# Subtract two lists in Python without using classes

I have two numeric lists, a, b that I am trying to subtract like this; b - a.

I want this to be easy for a beginner to understand so I don't want to import classes or libraries.

This is what I have tried, and it works:

``````a = [420, 660, 730, 735]
b = [450, 675, 770, 930]
i = 0
j = len(a)
difference = []

while i < j:
difference.append(b[i] - a[i])
i += 1
print (difference)
>>[30, 15, 40, 195]    **the correct result**
``````

However, there must be a simpler way of doing this without importing classes or libraries that I am missing.

A simple way to show this would be:

``````a = [420, 660, 730, 735]
b = [450, 675, 770, 930]

print([v2 - v1 for v1, v2 in zip(a, b)])
``````

`zip` will create a tuple between each of the elements in your list. So if you run zip alone you will have this:

``````zip(a, b)

[(420, 450), (660, 675), (730, 770), (735, 930)]
``````

Then, to further analyze what is happening in the answer I provided, what you are doing is iterating over each element in your list, and then specifying that `v1` and `v2` are each item in your tuple. Then the `v2 - v1` is pretty much doing your math operation. And all of this is wrapped inside what is called a list comprehension.

If you are still convinced that you still don't want to use zip at all, and if your example is using two equal lists, then what I suggest is to drop the while loop and use a for instead. And your solution will be very similar to what you already have, but as such:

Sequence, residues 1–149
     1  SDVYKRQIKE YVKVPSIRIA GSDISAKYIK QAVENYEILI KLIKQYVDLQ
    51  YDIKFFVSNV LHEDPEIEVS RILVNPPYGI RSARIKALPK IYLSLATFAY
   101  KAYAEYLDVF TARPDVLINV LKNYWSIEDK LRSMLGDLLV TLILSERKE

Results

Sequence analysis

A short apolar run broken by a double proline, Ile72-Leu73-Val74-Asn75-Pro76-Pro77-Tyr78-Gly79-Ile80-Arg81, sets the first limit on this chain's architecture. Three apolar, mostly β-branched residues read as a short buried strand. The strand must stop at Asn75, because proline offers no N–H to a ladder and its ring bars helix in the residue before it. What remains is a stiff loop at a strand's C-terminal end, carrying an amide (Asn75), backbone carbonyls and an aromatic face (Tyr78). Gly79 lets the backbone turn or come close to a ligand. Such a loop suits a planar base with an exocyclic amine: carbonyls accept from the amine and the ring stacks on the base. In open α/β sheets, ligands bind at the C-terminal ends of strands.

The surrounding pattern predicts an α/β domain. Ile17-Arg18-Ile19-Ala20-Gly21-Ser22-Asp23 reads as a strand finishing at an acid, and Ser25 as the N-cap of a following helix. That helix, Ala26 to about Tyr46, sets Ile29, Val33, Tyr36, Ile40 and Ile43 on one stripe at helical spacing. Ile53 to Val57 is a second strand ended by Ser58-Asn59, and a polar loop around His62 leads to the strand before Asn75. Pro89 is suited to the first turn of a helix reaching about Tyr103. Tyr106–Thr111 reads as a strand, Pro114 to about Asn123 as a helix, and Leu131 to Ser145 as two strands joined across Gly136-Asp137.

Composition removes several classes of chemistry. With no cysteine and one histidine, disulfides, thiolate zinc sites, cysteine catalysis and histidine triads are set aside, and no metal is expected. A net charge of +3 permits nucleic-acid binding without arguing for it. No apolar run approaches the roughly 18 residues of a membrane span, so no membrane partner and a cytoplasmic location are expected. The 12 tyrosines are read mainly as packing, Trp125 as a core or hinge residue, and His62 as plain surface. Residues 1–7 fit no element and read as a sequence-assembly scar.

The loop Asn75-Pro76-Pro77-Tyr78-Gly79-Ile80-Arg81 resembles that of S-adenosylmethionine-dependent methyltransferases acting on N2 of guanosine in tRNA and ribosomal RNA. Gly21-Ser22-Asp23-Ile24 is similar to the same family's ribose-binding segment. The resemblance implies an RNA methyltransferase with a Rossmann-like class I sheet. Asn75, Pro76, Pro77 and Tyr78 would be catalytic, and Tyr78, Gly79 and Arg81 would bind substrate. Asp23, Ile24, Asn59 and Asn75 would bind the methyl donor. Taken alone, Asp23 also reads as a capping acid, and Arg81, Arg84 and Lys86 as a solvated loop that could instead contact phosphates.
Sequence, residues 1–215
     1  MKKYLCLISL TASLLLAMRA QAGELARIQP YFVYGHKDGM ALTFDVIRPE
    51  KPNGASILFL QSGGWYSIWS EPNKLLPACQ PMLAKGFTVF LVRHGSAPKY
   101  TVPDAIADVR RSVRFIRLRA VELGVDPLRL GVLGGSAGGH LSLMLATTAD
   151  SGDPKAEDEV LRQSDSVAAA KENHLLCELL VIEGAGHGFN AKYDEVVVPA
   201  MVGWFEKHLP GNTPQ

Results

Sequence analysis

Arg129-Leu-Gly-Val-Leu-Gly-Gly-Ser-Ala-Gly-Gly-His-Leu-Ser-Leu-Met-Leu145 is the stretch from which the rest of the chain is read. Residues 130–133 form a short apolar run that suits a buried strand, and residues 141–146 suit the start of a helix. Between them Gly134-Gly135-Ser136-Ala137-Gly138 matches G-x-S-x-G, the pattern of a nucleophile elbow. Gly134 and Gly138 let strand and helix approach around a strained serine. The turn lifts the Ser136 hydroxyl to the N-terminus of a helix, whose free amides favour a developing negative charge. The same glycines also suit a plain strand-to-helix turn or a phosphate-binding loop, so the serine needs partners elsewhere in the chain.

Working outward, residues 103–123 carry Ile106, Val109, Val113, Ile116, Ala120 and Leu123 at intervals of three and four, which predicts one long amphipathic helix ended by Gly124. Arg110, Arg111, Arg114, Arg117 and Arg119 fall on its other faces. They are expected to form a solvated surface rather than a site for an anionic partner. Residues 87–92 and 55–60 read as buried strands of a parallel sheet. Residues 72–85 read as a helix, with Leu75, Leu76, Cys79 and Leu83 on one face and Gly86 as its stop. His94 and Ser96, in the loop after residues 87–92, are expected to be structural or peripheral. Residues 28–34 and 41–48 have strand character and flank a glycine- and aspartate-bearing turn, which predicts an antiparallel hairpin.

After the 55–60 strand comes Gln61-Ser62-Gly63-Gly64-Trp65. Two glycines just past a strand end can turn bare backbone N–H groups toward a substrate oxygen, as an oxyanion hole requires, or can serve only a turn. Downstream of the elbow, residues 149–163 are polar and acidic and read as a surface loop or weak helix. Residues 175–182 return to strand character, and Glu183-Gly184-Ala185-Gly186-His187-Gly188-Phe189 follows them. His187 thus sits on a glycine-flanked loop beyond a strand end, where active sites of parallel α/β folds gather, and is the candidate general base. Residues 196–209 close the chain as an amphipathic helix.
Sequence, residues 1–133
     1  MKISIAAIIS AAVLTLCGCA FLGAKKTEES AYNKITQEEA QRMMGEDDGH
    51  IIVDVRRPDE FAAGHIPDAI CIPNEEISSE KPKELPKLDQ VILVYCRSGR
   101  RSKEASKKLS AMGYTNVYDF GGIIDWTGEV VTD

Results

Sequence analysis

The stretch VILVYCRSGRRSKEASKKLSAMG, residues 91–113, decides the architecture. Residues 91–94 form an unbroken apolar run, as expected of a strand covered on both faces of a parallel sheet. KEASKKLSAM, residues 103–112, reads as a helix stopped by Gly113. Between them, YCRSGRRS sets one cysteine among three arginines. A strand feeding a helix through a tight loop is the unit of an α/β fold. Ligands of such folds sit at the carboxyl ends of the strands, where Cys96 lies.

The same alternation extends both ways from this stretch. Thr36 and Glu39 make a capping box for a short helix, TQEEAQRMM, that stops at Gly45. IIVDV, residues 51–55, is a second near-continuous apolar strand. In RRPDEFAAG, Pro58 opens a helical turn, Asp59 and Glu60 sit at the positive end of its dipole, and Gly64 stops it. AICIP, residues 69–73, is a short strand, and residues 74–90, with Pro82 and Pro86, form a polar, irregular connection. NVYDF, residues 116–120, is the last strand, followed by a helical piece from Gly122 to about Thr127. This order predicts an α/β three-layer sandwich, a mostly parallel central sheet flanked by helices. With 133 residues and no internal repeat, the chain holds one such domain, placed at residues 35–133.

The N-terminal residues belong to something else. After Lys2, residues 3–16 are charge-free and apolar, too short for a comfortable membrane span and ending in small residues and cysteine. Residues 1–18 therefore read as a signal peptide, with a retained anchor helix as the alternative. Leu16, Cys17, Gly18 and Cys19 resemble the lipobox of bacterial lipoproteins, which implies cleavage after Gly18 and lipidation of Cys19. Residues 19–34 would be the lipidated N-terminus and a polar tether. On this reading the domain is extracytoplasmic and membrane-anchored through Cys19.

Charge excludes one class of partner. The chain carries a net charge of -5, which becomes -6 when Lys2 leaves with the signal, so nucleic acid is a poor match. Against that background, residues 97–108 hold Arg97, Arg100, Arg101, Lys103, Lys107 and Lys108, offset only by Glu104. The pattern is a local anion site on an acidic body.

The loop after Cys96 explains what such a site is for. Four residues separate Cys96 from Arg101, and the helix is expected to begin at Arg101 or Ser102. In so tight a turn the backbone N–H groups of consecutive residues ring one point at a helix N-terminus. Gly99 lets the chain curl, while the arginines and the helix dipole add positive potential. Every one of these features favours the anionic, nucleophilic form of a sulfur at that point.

``````n = []
for i, v in enumerate(a):
n.append(b[i] - v)
print(n)
``````

So, you have to create a new list that will hold your new data. Use `enumerate` so you get your index and value through each iteration, and append your math operation to your new list.

• This is a perfect example of how to do this with Python! Exactly what I was looking for and a great explanation as well:D Thanks Mar 12, 2016 at 22:40

The `operator` module provides functional versions of the standard operators for just such an occasion.

``````>>> import operator
>>> a = [420, 660, 730, 735]
>>> b = [450, 675, 770, 930]
>>> difference = list(map(operator.sub, b, a))
>>> print(difference)
[30, 15, 40, 195]
``````

Given, your lists `a` and `b`, `b - a` can be evaluated as

``````difference = [each[0] - each[1] for each in zip(b, a)]
``````

Taking into account the comment:

Assuming both lists are purely composed of integers:

``````# a and b are the lists
difference = []
for i in range(min(len(b), len(a))):
difference.append(b[i] - a[i])
``````

EDIT: The other list comprehensions are more Pythonic, but this is more in line with the original code

• Small improvement to avoid problem with lists of unequal length: `for i in range(min(len(a),len(b))):`. Mar 12, 2016 at 4:29